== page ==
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People line up to vote in Texas.

Voters wait in line at a polling location on October 13, 2020 in Austin, Texas. (Photo: Sergio Flores/Getty Images)

'Four-Alarm Fire' for Democracy as Texas Voter Suppression Bill Becomes Law

"Texas already had some of the most restrictive voting laws in the nation, and the passage of this egregious bill just made conditions for voters even worse," said one voting rights advocate.

Julia Conley

The voter suppression law signed by Texas Gov. Greg Abbott Tuesday already faces legal challenges that were promptly filed by a number of civil rights groups, which argue the restrictive measure is transparently aimed at keeping people of color from casting ballots and violates federal law.

Representing plaintiffs including the Texas State Conference of the NAACP, Common Cause Texas, and three election judges in Harris County, the Lawyers' Committee for Civil Rights Under Law filed a legal challenge (pdf) accusing the GOP governor of violating the Texas Constitution.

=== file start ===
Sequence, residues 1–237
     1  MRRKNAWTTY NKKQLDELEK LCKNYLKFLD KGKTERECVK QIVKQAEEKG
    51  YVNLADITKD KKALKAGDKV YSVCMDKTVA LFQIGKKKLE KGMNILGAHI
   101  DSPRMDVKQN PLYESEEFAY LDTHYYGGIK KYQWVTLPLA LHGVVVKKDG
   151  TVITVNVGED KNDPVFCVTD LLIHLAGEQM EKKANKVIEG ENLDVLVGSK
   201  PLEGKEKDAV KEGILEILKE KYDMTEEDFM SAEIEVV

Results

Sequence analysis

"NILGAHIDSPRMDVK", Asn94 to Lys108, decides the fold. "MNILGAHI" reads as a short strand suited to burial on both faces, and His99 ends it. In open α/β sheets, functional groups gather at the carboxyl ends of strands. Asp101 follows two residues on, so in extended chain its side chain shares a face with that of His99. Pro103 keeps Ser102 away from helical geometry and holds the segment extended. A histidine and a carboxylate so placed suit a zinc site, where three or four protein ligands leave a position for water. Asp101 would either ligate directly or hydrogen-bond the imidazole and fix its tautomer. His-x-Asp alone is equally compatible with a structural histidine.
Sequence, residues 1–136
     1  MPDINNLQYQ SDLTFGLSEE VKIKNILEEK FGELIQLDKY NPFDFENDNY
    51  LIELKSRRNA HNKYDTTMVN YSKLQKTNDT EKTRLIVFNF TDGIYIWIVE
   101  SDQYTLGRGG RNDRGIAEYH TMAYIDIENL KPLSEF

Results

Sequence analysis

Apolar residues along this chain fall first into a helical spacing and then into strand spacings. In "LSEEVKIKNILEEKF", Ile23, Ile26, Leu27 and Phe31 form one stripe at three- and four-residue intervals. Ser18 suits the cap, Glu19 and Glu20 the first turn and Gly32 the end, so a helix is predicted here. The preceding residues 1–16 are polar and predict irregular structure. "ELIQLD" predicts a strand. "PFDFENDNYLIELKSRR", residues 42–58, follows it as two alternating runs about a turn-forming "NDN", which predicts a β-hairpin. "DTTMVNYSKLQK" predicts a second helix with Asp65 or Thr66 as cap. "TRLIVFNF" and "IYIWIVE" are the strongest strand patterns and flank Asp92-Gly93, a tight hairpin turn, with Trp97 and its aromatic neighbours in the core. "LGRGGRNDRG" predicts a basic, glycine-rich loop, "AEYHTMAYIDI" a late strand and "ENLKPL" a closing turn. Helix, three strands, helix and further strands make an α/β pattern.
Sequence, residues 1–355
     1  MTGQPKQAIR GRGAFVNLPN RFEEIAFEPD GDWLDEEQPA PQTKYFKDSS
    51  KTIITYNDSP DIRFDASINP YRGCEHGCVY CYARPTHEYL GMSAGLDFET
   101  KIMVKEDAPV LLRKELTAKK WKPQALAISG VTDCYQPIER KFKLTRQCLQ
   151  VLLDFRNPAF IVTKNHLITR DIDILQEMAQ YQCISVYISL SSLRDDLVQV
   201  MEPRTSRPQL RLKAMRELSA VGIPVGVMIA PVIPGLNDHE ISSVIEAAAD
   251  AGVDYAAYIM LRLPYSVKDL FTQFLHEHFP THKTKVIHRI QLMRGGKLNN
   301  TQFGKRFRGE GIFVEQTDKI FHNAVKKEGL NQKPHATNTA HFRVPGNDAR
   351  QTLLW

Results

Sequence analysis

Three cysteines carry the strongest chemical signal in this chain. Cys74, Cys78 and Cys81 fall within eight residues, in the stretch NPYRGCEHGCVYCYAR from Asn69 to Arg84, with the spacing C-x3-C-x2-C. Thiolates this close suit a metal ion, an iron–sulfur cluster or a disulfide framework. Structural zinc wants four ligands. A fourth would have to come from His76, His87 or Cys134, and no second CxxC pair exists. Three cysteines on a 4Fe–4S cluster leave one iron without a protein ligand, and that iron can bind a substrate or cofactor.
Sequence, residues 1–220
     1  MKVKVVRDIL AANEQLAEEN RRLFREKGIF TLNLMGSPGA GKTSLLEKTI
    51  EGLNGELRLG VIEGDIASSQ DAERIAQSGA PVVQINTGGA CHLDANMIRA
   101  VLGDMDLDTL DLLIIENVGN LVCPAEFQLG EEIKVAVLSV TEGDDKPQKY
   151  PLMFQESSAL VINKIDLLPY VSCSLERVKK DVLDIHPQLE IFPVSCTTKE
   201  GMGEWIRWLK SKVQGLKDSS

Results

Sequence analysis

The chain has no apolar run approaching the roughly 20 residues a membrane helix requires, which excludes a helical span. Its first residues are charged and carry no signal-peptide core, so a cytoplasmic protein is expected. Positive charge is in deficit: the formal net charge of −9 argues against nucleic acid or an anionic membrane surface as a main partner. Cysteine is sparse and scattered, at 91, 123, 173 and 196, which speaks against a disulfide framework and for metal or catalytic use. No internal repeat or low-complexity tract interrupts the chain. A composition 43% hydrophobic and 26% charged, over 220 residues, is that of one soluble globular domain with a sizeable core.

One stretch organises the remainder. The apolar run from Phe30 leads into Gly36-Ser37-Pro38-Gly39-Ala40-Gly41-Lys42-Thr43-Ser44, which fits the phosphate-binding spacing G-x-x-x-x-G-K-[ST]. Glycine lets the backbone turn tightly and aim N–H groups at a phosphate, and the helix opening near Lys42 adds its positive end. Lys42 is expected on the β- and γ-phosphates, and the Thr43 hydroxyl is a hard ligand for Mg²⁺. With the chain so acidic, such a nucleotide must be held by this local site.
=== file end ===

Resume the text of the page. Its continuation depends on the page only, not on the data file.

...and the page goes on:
"Make no mistake—S.B. 1 is designed to disenfranchise voters of colors, and strip them of their voice in our democracy... This is a troubling day for voting rights."
—Jon Greenbaum, Lawyers' Committee for Civil Rights Under Law

"The scourge of state-sanctioned voter suppression is alive and well, and Texas just became the most recent state to prove it," said Damon Hewitt, president and executive director of the Lawyers' Committee, in a statement. "With the passage of this bill, Texas legislators know exactly what they are trying to do—use brazen tactics to disenfranchise Black voters, Latinx voters, and other voters of color who are a growing part of the electorate and who turned out and made their voices heard in 2020. This bill violates Texas' own state constitution and does not advance any legitimate state interests that would justify this wide-ranging attack on the right to vote."